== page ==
Columns / Discourse / April 25, 2018

The F-Word: What do we know? Do we know things? Let’s find out!

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If you like TV shows, chances are you have seen or heard of “BoJack Horseman.” “BoJack Horseman” is an animated Netflix Original TV show aimed at adults. It focuses on the life of a TV star horse-man named BoJack who lives in Hollywoo(d). BoJack gets his fame and fortune from acting in a ‘90s sitcom called “Horsin’ Around.” However, nowadays BoJack spends his time drinking, partying and inevitably reflecting on his life.

What makes BoJack Horseman particularly appealing to its cult following is his honest and uncensored way of living. BoJack clearly struggles with his mental health; many would diagnose him with depression. However, while BoJack Horseman clearly struggles to find purpose and meaning in his life, he is also constantly battling his predisposition for having unstable, unhealthy relationships. Some fans attribute these deep-seated commitment and trust issues to BoJack’s undiagnosed borderline personality disorder (BPD). These diagnoses are neither from mental health professionals nor are they intentionally represented by the producers. The writers of the show have made clear that they had no intention to give BoJack concrete mental illnesses but just wanted to make him a complex character with thoughts and feelings that presented him in the most human way (ironic, since he’s a horse). And to be frank, I have not seen any other TV show or character depict mental health and internal struggles so well. Although it would be even better if the show explicitly diagnosed BoJack to provide better representation and raise awareness, I also understand why ambiguity makes the show that much more interesting.

The reality of living with mental illnesses and personality disorders is that one’s outlook on life resembles muddy waters. Many people with disorders like BoJack do not even know what is “wrong” with them. The nature of such disorders makes it so that by the time the person realizes that they are acting in ways that are telling of unhealthy traits, they are up to their waist in the aforementioned muddy waters. Many sufferers spend their lives struggling to establish long-lasting relationships with others and live their adulthood sulking in unresolved childhood trauma. There is value in seeing BoJack, relating to BoJack and being a witness to his constant search for validation as well as his hope that deep down he is a good person (or horse). BoJack Horseman has little to no awareness of who he is and how his actions affect the people around him. In fact, it takes his friend Todd blowing up in frustration for BoJack to finally hear that he is directly responsible for all his actions and he cannot live his life blaming his flaws on the circumstances of his life. BoJack is self-centered and has trouble identifying appropriate sexual and substance behavior. Bojack has sex with groupies, friends, friends of friends and children of friends. While there is nothing wrong with being sexually active, BoJack uses sex as an unhealthy coping mechanism for deviation from emotional attachment and personal responsibility. He is clearly suffering and does not understand why, which is unfortunately what makes him so relatable.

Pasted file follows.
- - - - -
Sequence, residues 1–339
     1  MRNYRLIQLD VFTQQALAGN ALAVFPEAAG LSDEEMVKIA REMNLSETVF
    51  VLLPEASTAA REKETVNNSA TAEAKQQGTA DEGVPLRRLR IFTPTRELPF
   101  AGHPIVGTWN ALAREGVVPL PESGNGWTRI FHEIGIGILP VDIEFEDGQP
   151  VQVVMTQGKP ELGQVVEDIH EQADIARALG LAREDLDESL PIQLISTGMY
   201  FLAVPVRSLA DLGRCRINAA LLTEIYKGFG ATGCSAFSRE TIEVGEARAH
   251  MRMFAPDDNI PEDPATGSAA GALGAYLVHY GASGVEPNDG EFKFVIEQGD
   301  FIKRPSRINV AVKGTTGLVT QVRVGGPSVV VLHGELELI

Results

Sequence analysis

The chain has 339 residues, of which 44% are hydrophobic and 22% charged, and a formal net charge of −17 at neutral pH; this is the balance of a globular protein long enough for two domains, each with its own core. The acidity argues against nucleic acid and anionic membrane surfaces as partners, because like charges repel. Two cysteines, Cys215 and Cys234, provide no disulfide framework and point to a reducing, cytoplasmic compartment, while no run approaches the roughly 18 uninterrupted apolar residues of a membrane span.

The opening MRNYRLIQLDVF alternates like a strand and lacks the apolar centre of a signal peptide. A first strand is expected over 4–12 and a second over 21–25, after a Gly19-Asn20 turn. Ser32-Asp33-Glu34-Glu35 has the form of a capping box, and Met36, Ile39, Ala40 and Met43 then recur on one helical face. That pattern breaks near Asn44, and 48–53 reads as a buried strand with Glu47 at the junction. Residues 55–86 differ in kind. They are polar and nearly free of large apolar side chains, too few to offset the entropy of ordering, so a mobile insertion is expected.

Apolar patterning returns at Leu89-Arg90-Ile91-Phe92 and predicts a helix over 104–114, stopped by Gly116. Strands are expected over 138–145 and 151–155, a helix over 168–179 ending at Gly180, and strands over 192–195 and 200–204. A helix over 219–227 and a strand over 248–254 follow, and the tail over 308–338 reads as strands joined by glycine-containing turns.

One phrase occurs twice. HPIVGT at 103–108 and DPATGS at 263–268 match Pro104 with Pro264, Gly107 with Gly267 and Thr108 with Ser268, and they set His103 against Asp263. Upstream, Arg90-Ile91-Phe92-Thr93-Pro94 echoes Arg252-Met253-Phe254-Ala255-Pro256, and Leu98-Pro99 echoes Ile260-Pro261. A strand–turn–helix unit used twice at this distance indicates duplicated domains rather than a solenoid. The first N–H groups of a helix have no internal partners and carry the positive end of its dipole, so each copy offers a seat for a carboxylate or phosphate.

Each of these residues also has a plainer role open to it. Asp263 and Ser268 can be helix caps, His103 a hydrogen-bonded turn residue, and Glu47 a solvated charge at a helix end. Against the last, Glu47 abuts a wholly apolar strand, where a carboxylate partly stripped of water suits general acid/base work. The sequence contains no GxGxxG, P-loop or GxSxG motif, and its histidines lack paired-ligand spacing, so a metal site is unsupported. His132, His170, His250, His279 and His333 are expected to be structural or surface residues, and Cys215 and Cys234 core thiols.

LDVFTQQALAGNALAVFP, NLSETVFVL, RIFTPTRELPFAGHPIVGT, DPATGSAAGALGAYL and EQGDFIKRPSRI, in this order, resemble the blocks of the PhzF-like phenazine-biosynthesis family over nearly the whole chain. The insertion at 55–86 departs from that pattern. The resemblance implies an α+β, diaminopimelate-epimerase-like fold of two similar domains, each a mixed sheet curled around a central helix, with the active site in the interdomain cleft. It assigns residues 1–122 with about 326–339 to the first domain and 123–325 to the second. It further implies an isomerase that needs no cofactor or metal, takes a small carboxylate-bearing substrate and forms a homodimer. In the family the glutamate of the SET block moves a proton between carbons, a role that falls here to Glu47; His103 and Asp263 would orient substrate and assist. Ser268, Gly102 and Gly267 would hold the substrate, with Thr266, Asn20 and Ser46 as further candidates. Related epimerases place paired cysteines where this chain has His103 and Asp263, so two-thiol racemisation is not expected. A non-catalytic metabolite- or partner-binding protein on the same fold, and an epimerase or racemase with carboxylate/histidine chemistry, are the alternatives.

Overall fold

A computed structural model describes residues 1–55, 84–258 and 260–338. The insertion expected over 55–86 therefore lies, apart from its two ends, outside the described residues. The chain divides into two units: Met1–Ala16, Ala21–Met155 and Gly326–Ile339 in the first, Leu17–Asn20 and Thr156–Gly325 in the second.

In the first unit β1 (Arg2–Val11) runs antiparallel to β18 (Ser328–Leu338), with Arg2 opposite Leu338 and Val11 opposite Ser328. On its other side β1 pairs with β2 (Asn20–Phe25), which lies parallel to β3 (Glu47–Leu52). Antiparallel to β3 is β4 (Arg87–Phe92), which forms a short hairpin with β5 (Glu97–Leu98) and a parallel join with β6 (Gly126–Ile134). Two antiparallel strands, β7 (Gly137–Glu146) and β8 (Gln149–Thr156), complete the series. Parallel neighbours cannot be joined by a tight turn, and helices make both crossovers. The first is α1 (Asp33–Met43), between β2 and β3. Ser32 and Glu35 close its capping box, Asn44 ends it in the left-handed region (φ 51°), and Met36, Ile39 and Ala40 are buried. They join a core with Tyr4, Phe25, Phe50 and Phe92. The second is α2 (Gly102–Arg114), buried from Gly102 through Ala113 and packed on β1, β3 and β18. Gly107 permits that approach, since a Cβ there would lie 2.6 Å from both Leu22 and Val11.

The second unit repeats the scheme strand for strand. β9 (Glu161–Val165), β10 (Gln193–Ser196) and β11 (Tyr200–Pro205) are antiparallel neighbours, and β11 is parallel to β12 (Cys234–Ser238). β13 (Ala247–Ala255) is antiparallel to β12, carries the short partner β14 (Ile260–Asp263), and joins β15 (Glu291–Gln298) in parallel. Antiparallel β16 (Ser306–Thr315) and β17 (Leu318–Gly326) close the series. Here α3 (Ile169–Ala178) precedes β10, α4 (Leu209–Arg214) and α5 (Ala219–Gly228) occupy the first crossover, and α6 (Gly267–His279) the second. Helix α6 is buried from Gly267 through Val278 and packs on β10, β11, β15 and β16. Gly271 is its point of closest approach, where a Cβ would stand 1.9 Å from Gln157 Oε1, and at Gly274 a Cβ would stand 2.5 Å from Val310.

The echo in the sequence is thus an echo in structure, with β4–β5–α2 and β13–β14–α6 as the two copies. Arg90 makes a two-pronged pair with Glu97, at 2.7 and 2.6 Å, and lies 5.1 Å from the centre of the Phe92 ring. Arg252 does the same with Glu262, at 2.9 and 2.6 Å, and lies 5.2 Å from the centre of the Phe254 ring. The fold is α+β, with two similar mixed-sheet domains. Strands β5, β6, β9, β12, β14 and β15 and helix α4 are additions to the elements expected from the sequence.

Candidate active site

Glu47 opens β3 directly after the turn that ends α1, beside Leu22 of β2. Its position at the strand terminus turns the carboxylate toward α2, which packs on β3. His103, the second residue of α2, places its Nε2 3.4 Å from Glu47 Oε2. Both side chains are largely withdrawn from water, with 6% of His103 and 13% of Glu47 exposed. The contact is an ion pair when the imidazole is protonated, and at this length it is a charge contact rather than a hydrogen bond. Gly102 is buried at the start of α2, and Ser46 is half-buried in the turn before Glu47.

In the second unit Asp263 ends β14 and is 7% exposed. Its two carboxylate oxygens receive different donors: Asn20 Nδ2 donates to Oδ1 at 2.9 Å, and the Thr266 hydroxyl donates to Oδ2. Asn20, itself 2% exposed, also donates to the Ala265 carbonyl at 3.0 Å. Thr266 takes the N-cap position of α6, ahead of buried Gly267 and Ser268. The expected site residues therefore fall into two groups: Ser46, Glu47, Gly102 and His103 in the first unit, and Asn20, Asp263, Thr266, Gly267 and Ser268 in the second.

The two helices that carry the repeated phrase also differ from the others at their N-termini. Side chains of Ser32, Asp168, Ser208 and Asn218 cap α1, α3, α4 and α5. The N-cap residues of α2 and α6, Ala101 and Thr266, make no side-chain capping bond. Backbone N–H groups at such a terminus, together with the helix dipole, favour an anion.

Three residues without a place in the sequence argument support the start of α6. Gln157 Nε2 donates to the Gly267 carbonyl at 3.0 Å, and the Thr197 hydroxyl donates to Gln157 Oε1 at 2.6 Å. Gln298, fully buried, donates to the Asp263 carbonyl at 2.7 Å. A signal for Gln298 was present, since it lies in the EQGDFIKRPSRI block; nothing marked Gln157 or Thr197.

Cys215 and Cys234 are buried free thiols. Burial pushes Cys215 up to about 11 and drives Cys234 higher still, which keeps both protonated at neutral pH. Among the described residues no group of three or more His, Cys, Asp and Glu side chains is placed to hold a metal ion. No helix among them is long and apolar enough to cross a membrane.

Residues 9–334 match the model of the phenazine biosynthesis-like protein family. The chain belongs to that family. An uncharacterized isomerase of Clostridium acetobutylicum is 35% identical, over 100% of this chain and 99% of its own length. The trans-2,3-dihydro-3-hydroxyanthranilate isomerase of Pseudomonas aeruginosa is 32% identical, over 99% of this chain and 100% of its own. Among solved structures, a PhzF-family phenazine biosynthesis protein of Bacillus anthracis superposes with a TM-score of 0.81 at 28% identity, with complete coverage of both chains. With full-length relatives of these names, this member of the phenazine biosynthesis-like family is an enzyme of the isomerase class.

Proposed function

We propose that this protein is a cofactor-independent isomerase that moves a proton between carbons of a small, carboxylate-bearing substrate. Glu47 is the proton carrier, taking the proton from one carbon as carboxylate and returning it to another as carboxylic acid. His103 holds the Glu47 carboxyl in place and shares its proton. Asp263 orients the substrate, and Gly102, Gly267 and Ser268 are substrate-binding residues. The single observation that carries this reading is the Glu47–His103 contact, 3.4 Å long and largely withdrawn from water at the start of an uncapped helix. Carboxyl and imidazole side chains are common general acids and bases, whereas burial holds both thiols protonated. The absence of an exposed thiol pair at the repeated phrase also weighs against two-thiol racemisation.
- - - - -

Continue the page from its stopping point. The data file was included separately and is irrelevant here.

As viewers, we cannot reach through our computer screens and shake BoJack into the realization that he needs help. But what we can do is understand why he acts the way he does. What do we know about mental health? Do we know things? Would we be able to recognize BoJack if he stared at us through our bathroom mirrors? BoJack is not a character that teaches us about ethics and morality necessarily but he teaches us that it is possible to love and root for someone who is not perfect.


Eden Sarkisian, Discourse Editor
Eden Sarkisian ‘19 was Discourse Editor for The Knox Student from May 2017 to June 2019.

Tags:  bojack horseman F-Word mental health netflix

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